addiction to food, then limiting choices is a good move; if you can’t control your intake of
certain foods, then maybe it is best to just stay away from them. That is part of the beauty of
this approach. Once you are free of your addiction to sugars and other carbohydrates, you will
end up eating less because you will be able to listen to your satiety signals and eat based on
true hunger, not just pleasure. You won’t want to overeat.
To make all of this evaluating and decision making quick and easy, John designed a new
concept called sugar equivalency to help you determine which foods you should choose, or
avoid, on this diet. In the Sugar Equivalency Table (see the appendix), each food is given a
number based on its carbohydrate and sugar content. This simple guide tells you which foods
are good choices in keeping with this diet and which are not. It should be noted that this type
of analysis is not perfect. There are a variety of di erent factors that would have to be taken
into account to develop a perfect equation, including factors that a ect the rate of digestion and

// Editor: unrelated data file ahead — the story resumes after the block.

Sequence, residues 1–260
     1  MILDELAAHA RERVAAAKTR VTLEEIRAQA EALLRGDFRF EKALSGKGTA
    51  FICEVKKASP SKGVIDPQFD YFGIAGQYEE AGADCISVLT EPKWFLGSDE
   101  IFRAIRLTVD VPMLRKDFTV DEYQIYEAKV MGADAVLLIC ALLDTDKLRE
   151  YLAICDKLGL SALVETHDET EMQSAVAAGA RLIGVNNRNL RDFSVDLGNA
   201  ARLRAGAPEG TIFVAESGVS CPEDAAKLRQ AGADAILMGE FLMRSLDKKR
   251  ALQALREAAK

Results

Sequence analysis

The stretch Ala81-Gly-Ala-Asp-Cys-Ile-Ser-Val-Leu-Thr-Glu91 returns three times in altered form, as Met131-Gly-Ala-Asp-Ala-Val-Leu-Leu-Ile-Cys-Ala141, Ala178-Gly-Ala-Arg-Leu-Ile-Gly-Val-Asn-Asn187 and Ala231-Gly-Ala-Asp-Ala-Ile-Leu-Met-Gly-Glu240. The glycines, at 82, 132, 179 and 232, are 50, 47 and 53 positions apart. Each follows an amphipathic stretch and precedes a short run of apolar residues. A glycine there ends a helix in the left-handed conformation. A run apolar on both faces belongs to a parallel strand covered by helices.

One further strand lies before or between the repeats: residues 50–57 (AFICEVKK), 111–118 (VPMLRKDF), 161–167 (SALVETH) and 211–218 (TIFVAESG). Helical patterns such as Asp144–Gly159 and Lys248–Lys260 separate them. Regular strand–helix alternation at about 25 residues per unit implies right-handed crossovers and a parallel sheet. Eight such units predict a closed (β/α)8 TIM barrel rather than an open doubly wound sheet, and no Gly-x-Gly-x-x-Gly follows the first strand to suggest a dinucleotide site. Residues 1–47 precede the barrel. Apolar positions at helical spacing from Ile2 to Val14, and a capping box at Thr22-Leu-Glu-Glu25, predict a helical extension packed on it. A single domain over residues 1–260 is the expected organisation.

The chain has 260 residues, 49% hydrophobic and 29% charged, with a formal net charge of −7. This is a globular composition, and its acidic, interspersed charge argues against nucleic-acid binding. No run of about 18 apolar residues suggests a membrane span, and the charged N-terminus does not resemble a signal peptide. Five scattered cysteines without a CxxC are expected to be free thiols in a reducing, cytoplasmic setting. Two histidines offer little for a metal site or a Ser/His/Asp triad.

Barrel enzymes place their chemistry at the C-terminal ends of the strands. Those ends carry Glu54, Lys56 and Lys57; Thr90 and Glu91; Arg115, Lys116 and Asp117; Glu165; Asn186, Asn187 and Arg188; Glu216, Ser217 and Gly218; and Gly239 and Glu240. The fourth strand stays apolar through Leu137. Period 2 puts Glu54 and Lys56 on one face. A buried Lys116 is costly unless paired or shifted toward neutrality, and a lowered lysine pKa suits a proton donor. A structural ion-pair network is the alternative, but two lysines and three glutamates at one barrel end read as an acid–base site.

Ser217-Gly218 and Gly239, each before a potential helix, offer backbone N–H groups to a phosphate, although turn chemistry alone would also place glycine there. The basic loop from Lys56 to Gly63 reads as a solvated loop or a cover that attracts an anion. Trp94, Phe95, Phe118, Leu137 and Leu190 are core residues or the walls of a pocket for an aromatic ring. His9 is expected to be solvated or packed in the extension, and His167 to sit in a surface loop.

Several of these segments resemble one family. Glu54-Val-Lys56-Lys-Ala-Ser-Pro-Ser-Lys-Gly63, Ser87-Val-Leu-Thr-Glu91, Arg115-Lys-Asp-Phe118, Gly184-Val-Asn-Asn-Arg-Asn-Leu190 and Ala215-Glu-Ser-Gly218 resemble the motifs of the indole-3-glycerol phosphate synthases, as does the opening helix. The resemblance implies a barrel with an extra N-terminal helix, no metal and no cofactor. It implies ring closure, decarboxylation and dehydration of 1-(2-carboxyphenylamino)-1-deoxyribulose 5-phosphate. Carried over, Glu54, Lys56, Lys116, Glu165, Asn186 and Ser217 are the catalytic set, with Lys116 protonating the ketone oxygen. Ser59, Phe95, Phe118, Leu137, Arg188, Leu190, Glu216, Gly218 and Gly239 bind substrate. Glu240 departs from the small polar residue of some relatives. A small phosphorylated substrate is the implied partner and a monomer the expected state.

absorption of carbohydrates. Plus, these factors can vary depending on a person’s lifestyle,
behaviors, and even other foods that are consumed with the carbohydrates. Given these
variables, it may be that creating a perfect formula is not even possible. But perfection or a
precise calculation is probably not necessary for your purposes. Our goal here was to make this
whole process less complicated, and easy to implement and use.
This table was compiled with a speci c focus on identifying the sugar and carbohydrate
contents of foods, but it isn’t meant to replace common sense. Just because a certain food
contains little to no sugar does not necessarily mean it’s a healthy alternative. For example,